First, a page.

In the software industry, the release of newer, better versions is part of the natural order. It's a relentless march towards perfection that started with the first personal computers, and continues today. We expect software to get larger and more sophisticated over time, to track with the hardware improvements that Moore's law has provided us for so many years. Rapid evolution is a good thing, and it's one reason the computer industry is so exciting to work in. If you don't like the way things are today, just wait five years; everything will be different.
This is a companion discussion topic for the original blog entry at: http://www.codinghorror.com/blog/2007/10/why-does-software-spoil.html
Media Player Classic is a great alternative to Windows Media Player - less bloat, more features:
Xara Xtreme. It’s always been small and fast.
Firefox is starting to suffer from bloat, but the extension system really helps keep it to a minimum by externalizing it.
I’m intrigued by that model of adding feature bullets.
I think this is why new web-based alternatives to traditional applications are becoming so popular. They just don’t have the bloat that native apps do and they only have the features that users need. Things like Basecamp and Google Apps have only a small percentage of the features of Microsoft Project and Office, yet they are getting more and more users that are tired of the bloat and lack of collaborative abilities.
It feels like current native software applications, like many other things, follow the Pareto Principle where 80% of the users use 20% of the features. So all of these upstart web companies are just focusing on that 20% and doing it well. It makes me wonder why native applications aren’t following the trend as well and cutting out the bloat.
Replacing acrobat reader with foxit was a joyous occasion. Here are some other light-weight alternatives:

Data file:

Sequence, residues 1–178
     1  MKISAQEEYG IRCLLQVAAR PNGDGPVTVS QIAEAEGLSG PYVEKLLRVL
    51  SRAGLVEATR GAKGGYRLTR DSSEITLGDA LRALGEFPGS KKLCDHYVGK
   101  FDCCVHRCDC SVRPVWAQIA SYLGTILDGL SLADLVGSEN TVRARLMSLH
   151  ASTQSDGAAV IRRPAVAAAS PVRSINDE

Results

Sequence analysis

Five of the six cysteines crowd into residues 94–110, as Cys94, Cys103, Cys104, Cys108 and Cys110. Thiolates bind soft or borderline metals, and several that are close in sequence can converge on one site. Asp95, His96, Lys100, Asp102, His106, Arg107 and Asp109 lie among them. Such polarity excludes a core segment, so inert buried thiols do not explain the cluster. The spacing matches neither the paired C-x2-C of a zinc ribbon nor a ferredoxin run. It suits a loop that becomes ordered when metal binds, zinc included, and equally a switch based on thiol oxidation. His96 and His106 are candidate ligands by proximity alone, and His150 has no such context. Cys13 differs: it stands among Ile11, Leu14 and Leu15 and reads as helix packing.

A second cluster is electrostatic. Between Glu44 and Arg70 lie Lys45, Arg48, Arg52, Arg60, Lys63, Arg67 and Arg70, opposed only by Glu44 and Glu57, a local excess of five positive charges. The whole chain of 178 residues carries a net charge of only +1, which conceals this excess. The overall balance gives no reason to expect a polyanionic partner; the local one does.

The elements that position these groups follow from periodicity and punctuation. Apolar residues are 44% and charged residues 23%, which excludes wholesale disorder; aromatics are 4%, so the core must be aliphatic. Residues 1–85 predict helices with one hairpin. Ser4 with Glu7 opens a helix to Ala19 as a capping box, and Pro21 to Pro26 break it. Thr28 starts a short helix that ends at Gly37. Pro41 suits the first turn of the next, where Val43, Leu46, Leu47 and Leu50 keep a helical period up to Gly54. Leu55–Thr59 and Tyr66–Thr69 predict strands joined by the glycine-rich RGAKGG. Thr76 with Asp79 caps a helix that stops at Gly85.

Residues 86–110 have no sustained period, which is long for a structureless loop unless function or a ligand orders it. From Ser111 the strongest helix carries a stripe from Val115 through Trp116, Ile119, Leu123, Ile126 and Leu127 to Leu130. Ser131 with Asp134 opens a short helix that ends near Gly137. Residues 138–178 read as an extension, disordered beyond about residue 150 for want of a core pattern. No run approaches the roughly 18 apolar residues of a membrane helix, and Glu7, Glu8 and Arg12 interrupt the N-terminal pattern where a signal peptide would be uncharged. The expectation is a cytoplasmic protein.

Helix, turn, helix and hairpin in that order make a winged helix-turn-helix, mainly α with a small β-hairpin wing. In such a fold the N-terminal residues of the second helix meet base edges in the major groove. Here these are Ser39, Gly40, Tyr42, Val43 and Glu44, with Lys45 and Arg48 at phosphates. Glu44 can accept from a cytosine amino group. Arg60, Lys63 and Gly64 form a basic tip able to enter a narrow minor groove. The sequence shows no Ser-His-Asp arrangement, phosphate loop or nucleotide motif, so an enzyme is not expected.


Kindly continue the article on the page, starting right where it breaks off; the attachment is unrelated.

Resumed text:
aim/msn/icq etc alternative
A lot of this resonates with the book “Getting Real” by 37 signals [http://gettingreal.37signals.com/] who are the guys behind Basecamp. In chapter 2 they advise “underdoing your competition” and “building less” because it will differentiate you from your competitors. And I particularly like the “Build Opinionated Software” paradigm which basically states “You can’t be everything to everyone so be be something for someone”.
If you haven’t read the book I can highly reccomend it. And it’s free to read online too.
With Paint Shop Pro, I tried out version 7, but it started taking ages to load, so I simply didn’t upgrade.
What really bugs me is when applications force you to upgrade, or it stops working. Instant messaging clients are the worst for this. I really liked the MSN Messenger 6.1 client, it was fairly small, didn’t have any of the annoying animated emoticons, completely unnecessary "Personal Message’ field that people just fill up with even more junk, no adverts shoved where-ever they could make room (Just one MSN logo on the contact list, if I recall right).
Anyway, the client was working fine, until one day it started giving a ‘Upgrade to the latest version now!’ message, which there seemed to be no way to disable, you could stop it appearing every 30minutes while the client was running by altering the registery, btu when you restarted it, it was back…
I had to reinstall for some reason (Tried the newer client, possibly), so I had to find the 6.1 installer - I looked everywhere, but couldn’t find the installer for the working v6.1 (They all refused to start, claiming there was a newer version available)
Eventually, a Dutch friend sent the installer he had, which worked, but was in Dutch. I used that for quite a while.
If they changed the MSN protocol, and the old client wouldn’t work - fine! It’d be silly to update the old clients, just for the few people that use it. But, the old clients worked fine, the only thing that ‘broke’ it was the upgrade-checking…
I use a laptop as a main client now, so I’ve taken to using irssi/Bitlbee on a friends shell-server. No forced upgrades, no random changes/‘improvements’ which exponetionally increasing file sizes…
I can think of few.
Total Commander - it’s beendeveloped for over a decade, yet it’s still full of usefull features, fast and compact. I can’t think of any feature in it that’s utterly useless.
7-zip - fast small and open source. And has better compression ratio than WinZip.
Sub-Edit Player - it’s a matter of personal preference but I love this small movie player.